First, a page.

Council Tree Investors v. FCC — civil / agency — affirmance — Hardiman
The Federal Communications Commission has a statutory duty to avoid “excessive concentration of [telecommunications] licenses” and to “disseminat[e] licenses among a wide variety of applicants, including small businesses, rural telephone companies, and businesses owned by members of minority groups and women,” collectively referred to as designated entities. Seemingly they’re not doing so hot, given what today’s opinion calls “our telecommunications quadropoly” of AT&T, Verizon, Sprint, and T-Mobile.
So it isn’t surprising that, when the FCC decided to scale back its efforts to help the outsiders get licenses, one of them sued. The main way the FCC helps designated entities is by giving them bidding credits to help them win license auctions. But in 2015 the FCC modified its bidding-credit regime, and one thing it did was impose a new cap on bidding credits. The challenger argued that the FCC ignored its statutory mandate and acted on an insufficient record.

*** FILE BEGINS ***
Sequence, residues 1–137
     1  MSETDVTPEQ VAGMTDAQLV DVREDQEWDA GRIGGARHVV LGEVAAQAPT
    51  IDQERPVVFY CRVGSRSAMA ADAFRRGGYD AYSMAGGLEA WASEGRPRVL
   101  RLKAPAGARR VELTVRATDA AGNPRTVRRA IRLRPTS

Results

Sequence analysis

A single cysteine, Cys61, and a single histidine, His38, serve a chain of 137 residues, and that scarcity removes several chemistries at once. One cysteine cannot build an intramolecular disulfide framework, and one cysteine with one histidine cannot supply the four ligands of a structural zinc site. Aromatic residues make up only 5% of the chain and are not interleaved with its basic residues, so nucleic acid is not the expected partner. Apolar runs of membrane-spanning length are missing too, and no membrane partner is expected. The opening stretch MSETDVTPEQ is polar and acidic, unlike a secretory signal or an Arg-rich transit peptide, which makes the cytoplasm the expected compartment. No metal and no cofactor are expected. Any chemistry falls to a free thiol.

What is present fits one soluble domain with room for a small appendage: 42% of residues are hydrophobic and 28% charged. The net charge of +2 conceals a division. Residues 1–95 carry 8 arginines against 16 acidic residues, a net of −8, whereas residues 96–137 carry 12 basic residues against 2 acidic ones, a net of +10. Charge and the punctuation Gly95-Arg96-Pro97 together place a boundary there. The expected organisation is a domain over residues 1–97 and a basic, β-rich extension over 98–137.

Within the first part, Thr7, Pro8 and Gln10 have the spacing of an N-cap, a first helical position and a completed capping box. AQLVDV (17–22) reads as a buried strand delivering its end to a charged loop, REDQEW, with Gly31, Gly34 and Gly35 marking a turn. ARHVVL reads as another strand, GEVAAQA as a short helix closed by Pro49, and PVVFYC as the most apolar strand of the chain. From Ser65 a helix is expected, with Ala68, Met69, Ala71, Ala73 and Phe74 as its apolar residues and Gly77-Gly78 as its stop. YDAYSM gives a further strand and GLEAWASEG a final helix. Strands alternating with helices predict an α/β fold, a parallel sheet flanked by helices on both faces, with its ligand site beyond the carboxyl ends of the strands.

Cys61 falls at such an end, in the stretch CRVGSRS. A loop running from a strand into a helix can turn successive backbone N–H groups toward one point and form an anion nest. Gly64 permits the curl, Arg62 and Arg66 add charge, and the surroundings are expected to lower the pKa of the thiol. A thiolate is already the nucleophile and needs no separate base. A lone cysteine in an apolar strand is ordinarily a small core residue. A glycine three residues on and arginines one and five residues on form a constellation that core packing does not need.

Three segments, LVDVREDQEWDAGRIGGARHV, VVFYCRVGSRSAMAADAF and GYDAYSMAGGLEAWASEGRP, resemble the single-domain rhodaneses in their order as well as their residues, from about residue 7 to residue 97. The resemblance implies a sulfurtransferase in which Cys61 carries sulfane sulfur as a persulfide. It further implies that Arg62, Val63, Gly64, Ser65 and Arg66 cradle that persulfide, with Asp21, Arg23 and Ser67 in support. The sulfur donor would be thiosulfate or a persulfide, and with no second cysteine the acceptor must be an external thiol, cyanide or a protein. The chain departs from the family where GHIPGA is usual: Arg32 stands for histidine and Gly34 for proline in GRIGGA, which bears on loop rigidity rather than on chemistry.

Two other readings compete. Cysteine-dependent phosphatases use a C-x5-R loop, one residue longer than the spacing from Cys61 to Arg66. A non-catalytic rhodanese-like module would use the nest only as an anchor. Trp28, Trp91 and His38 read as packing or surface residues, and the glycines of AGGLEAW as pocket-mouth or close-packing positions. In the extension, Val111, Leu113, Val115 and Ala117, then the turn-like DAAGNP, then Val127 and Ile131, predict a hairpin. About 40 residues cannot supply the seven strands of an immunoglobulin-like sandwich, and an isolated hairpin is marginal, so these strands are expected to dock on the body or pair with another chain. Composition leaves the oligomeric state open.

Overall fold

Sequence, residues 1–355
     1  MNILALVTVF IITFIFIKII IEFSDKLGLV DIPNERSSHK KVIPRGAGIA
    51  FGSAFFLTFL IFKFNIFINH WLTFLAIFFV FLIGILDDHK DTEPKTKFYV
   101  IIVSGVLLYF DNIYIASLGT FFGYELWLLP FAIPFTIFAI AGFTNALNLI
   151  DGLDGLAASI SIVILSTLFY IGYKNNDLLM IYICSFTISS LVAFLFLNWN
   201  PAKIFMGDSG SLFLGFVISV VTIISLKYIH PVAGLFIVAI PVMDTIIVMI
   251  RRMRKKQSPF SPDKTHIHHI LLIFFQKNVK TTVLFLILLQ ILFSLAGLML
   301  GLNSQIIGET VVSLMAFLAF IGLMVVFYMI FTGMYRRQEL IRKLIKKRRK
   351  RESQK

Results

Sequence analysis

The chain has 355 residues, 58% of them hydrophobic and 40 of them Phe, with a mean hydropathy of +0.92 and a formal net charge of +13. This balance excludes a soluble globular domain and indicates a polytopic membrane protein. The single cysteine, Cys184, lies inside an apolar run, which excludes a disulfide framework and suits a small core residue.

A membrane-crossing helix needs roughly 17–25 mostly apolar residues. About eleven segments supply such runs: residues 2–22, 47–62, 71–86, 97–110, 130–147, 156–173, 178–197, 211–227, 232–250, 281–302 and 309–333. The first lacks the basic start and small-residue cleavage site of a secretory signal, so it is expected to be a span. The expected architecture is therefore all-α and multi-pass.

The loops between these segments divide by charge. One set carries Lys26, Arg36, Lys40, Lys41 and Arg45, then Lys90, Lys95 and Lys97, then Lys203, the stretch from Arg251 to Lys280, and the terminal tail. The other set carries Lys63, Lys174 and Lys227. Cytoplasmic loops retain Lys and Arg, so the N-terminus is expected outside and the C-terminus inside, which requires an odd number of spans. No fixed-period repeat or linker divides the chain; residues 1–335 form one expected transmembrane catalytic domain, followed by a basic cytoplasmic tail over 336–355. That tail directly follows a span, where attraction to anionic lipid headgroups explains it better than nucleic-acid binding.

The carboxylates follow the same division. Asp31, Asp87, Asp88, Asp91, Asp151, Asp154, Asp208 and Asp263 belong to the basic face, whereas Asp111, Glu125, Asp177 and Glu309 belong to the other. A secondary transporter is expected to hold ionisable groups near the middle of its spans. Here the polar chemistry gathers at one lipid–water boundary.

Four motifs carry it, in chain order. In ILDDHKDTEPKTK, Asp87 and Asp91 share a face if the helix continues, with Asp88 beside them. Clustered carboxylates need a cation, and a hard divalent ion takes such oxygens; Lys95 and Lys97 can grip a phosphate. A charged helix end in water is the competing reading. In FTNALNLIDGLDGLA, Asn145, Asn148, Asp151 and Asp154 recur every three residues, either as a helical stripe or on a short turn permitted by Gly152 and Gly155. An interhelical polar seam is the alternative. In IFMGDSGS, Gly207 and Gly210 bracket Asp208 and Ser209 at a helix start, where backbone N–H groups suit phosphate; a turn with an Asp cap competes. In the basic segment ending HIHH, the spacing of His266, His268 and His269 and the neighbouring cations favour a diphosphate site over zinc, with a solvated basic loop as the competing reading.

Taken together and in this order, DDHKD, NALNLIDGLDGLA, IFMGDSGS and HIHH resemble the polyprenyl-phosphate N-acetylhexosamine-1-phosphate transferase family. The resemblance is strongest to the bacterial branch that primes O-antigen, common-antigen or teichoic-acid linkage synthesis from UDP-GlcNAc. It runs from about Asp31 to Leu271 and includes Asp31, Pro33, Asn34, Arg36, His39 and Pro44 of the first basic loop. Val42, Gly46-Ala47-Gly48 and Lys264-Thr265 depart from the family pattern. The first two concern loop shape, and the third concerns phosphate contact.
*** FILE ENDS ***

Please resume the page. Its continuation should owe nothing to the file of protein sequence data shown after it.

Rejecting these challenges, the Third Circuit today upheld the FCC’s bidding-credit limit.
Joining Hardiman were Smith and Krause. Arguing counsel were Kevin Russell of Goldstein & Russell for the petitioner and Clifford Pash Jr. for the FCC.